------
    You could PM Steve(a member here) and he might even have some boards he could sell or build for you.

    some more info here:

    http://www.boatdesign.net/forums/hy...lifting-foils-monohulls-multihulls-37508.html

    pictures, L to R: 1) Steve Clarks foils for Aethon, 2) & 3) illustration of canting facility Steve built in. increases or decreases lifting area w/o retracting board-may allow less area than a board w/o this facillity(ask Steve), 4)Farrier "tight curve" foils, 5) Bimare A Class angle of incidence adjustment system-changes lifting portion only-facillitates tuning foil for conditions, 6) DNA cat/ curved foils
     

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  3. Corley
    Joined: Oct 2009
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    Location: Melbourne, Australia

    Corley epoxy coated

    The page you've linked to shows an 8m micromultihull trimaran (nice boat btw). Trimaran floats dont generally make great catamaran hulls without quite a few mods (the hull shape isnt right and lacks displacement around the rear of the hull needed to carry crew weight) I've seen some larger cats based on tri floats (bluey zarzoff comes to mind) that are quite succesful but I'd prefer to start with a clean sheet the designer seems to have a few small cat designs that could be adapted more easily to what your trying to do.
     
  4. andycarr9999
    Joined: Aug 2011
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    Location: Cornwall uk

    andycarr9999 Junior Member

    I would to be honest prefer to start with a clean sheet also but money is an issue as it so often is... I am told that when the outriggers were deigned they were designed with a view to selling off the moulds to the then even more popular c-class sailors. Hopefully i can sort these possible problems out on the computer when we finally get to sit down with it.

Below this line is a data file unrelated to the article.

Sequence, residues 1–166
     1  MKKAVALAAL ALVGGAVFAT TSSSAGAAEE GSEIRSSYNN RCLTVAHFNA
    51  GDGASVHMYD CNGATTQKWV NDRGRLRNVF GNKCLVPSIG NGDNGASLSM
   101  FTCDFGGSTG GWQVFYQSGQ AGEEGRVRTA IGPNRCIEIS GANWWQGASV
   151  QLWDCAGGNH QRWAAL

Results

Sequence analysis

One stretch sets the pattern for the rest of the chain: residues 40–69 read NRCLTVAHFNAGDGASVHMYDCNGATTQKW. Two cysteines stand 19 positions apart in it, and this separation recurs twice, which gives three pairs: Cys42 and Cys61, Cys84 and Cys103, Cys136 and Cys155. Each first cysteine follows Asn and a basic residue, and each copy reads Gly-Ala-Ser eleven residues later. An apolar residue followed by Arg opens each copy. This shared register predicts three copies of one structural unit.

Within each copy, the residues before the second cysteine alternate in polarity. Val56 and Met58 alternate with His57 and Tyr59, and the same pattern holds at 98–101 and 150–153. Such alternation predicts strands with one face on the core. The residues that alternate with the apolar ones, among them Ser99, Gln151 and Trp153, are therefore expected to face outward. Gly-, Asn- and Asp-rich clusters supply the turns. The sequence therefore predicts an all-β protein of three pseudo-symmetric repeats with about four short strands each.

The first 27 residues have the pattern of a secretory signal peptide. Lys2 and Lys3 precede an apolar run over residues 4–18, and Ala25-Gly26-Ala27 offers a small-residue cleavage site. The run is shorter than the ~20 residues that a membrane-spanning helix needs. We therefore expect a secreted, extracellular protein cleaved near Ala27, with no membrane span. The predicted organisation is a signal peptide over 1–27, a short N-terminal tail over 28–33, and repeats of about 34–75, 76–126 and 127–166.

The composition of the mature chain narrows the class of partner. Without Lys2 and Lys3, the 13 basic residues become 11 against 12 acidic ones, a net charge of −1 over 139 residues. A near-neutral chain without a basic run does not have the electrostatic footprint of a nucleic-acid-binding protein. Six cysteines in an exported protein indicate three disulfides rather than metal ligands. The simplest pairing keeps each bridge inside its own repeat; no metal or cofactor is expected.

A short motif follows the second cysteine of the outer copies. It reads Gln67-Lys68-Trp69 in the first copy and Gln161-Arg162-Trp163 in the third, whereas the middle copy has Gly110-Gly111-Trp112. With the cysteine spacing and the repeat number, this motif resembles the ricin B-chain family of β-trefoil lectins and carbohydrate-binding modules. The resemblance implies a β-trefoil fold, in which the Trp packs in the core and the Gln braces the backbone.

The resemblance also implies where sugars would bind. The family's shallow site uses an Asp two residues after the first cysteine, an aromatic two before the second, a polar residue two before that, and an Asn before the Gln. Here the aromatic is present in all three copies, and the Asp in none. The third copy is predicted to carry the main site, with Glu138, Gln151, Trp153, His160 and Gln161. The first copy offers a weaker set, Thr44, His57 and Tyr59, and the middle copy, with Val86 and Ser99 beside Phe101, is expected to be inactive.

Doug, i will certainly be getting in touch with the person you recommended, thanks again for all the very interesting food for thought!
     

  5. Corley
    Joined: Oct 2009
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    Location: Melbourne, Australia

    Corley epoxy coated

    Good luck with it and let us know what eventuates I can see how the hull shape could be made to work with foils t foil rudders might be needed though to keep the transom stable. I can recall reading Steve Clark posting that driving a thin torpedo through the water seemed to work better than fully flying the boat but his later C class cat had curved foils that lifted some percentage of the boats weight. C class catamarans are limited to a sail area of 300sqft are designed for a fairly limited set of wind and wave conditions and normally carry a very high aspect rigid wing rig so some tweaking of the boat will be required to fit your needs.